NIOSH announced healthcare resources to readers of the World Health Organization's (WHO) The Global Health Network Newsletter. The article highlighted information available on hazards and exposures faced by healthcare workers around the world, including tuberculosis, exposure to ethylene oxide, latex allergy, workplace violence, musculoskeletal disorders, female reproductive health, and psychosocial hazards such as organizational change and workplace stress. Resources such as the Worker Health Chartbook and the NIOSH Bibliographic Database for Healthcare Workers were highlighted.

Global Burden Of Disease And Injury Due To Occupational Risks

The December 2005 Special Issue of the American Journal of Industrial Medicine is dedicated to “The Contribution of Occupational Risk Factors to the Global Burden of Disease.
The work was carried out as part of a World Health Organization (WHO) Comparative Risk Assessment analysis of 26 risk factors to the global burden of disease. The methodologic requirements limited the risk factors that could be studied globally so that the risk factors in the individual articles account for about 800,000 of the estimated 2 million deaths that occur annually due to occupational risks. Individual articles include addressing the global burden due to occupational carcinogens, airborne particulates, noise, ergonomic risks for back pain, and risk for traumatic injury; estimating the global burden of infectious disease due to sharps injuries among healthcare workers; and examining previously published estimates of global burden due to occupational risks. Three articles focus on economic issues: cost-effectiveness of workplace interventions to prevent silicosis and back pain, and an economic model used at company level to evaluate the net-costs involved in prevention of occupational back pain. View abstracts from articles in this Special Issue.

Moving knowledge of global burden into preventive action
Am J Ind Med 48:395-399, 2005
The editorial shows that the magnitude of the occupational health burden in the world is overwhelming, requiring commitment from all stakeholders to translate economic progress into sustainable human development and well-being.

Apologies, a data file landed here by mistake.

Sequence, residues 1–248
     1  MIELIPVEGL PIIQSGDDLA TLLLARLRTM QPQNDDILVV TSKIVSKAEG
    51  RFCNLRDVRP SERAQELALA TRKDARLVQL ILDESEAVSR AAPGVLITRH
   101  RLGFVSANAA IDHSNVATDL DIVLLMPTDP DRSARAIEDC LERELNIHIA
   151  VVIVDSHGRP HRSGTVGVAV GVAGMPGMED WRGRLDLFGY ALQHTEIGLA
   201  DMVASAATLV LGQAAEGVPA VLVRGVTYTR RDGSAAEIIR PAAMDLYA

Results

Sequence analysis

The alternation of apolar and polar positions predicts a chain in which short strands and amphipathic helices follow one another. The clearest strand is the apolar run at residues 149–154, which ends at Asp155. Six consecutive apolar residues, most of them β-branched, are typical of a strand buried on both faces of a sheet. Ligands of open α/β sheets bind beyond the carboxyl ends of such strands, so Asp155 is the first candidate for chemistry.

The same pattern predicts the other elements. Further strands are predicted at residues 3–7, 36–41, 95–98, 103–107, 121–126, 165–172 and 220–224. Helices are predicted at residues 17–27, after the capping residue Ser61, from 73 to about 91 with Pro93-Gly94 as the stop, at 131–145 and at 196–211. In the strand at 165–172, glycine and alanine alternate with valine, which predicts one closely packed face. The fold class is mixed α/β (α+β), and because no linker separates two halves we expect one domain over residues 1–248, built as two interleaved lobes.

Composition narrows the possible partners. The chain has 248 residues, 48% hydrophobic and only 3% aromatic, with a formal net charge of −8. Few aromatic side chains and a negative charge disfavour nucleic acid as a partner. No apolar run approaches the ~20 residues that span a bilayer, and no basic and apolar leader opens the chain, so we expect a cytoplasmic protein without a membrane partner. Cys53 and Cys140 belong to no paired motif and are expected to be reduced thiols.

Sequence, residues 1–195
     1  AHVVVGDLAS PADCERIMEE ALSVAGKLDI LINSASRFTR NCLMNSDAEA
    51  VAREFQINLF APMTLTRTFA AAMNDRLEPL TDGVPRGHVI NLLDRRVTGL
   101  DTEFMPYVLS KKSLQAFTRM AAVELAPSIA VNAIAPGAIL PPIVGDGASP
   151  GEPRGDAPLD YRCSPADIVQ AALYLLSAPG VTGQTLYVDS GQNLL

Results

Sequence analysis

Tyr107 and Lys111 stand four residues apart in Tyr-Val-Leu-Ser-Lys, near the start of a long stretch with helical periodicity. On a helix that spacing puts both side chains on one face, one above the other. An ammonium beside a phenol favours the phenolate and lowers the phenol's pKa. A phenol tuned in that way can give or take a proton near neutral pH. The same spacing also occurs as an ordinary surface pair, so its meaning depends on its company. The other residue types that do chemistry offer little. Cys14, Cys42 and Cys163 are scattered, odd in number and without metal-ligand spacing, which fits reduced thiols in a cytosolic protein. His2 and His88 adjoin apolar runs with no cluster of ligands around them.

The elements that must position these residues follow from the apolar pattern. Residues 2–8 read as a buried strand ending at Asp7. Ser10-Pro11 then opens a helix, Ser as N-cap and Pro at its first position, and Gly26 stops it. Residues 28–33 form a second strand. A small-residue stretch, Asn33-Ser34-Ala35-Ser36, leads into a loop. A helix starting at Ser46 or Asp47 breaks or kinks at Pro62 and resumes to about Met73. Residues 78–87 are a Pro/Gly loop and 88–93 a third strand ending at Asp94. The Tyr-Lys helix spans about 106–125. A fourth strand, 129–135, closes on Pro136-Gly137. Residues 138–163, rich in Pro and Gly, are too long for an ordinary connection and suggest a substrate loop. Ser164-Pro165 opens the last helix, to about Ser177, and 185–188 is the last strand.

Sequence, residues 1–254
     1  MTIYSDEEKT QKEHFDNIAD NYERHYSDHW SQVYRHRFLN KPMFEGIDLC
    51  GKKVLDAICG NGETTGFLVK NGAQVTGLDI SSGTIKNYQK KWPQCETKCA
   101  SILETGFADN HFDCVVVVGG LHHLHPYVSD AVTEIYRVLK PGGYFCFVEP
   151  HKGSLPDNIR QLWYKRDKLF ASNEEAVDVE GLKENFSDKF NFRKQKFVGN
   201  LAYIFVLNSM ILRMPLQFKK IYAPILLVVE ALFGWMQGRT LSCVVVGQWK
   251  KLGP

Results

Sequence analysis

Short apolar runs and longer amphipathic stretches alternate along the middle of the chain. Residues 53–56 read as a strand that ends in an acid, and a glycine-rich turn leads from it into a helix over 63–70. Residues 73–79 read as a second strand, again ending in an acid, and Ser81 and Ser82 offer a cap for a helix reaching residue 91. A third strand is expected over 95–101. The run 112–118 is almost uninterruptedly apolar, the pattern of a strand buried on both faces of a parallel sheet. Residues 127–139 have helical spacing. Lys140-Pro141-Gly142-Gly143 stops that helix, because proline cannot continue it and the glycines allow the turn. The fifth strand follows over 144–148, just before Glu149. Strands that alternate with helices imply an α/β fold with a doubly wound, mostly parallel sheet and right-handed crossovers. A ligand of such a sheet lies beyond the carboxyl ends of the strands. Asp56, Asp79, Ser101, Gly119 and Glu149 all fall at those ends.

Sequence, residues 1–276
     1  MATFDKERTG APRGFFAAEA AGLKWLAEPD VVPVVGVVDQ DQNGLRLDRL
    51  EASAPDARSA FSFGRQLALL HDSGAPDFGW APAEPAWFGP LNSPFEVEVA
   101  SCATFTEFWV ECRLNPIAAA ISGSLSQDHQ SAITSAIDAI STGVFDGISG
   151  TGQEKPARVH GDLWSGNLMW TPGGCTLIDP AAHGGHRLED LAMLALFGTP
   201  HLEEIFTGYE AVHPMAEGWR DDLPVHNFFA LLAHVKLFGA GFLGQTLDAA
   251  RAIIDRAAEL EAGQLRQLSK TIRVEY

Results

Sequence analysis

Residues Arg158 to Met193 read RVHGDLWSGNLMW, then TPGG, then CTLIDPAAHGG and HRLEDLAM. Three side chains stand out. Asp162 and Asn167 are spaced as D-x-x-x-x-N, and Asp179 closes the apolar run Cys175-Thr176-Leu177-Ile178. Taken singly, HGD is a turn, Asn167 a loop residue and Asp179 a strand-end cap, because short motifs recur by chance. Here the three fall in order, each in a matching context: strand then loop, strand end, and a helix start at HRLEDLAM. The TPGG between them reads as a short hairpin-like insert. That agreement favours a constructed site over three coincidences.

The global burden of selected occupational diseases and injury risks: Methodology and summary
Am J Ind Med 48:400-418, 2005
In 2000, the selected risk factors were responsible worldwide for 37% of back pain, 16% of hearing loss, 13% of chronic obstructive pulmonary disease (COPD), 11% of asthma, 8% of injuries, 9% of lung cancer, and 2% of leukemia. These occupational risks caused 850,000 deaths worldwide and resulted in the loss of about 24 million years of healthy life. Needlesticks accounted for about 40% of Hepatitis B and Hepatitis C infections and 4.4% of HIV infections in healthcare workers.

The global burden of disease due to occupational carcinogens
Am J Ind Med 48:419-431, 2005
In 2000, there were an estimated 152,000 deaths (lung cancer: 102,000; leukemia: 7,000; and malignant mesothelioma: 43,000) and nearly 1.6 million Disability-Adjusted Life Years (DALYs) (lung cancer: 969,000; leukemia: 101,000; and malignant mesothelioma: 564,000) due to exposure to occupational carcinogens.

The global burden of non-malignant respiratory disease due to occupational airborne exposures
Am J Ind Med 48:432-445, 2005
There were an estimated 386,000 deaths (asthma: 38,000; COPD: 318,000; pneumoconioses: 30,000) and nearly 6.6 million Disability-Adjusted Life Years (DALYs) (asthma: 1,621,000; COPD: 3,733,000, pneumoconioses: 1,288,000) due to exposure to occupational airborne particulates.

The global burden of occupational noise-induced hearing loss
Am J Ind Med 48:446-458, 2005
Worldwide, 16% of the disabling hearing loss in adults (over 4 million Disability-Adjusted Life Years (DALYs) ) is attributed to occupational noise, ranging from 7% to 21% in the various subregions. The effects of the exposure to occupational noise are larger for males than females in all subregions and higher in the developing regions.

Estimating the global burden of low back pain attributable to combined occupational exposures
Am J Ind Med 48:459-469, 2005
Worldwide, 37% of low back pain was attributed to occupation, with two-fold variation across regions. The attributable proportion was higher for men than women due to higher participation in the labor force and in occupations with heavy lifting or whole-body vibration. Work-related low back pain was estimated to cause 818,000 disability-adjusted life years lost annually.

The global burden due to occupational injury
Am J Ind Med 48:470-481, 2005
Worldwide, hazardous conditions in the workplace were responsible for a minimum of 312,000 fatal unintentional occupational injuries. Together, fatal and non-fatal occupational injuries resulted in about 10.5 million Disability-Adjusted Life Years (DALYS); that is, about 3.5 years of healthy life are lost per 1,000 workers every year globally. Occupational risk factors are responsible for 8.8% of the global burden of mortality due to unintentional injuries and 8.1% of DALYs due to this outcome.

Estimation of the global burden of disease attributable to contaminated sharps injuries among health-care workers
Am J Ind Med 48:482-490, 2005
Overall, 16,000 Hepatitis C Virus (HCV), 66,000 Hepatitis B Virus (HBV), and 1,000 HIV infections may have occurred in the year 2000 worldwide among healthcare workers due to their occupational exposure to percutaneous injuries. The fraction of infections with HCV, HBV, and HIV in healthcare workers attributable to occupational exposure to percutaneous injuries reaches 39%, 37%, and 4.4%, respectively.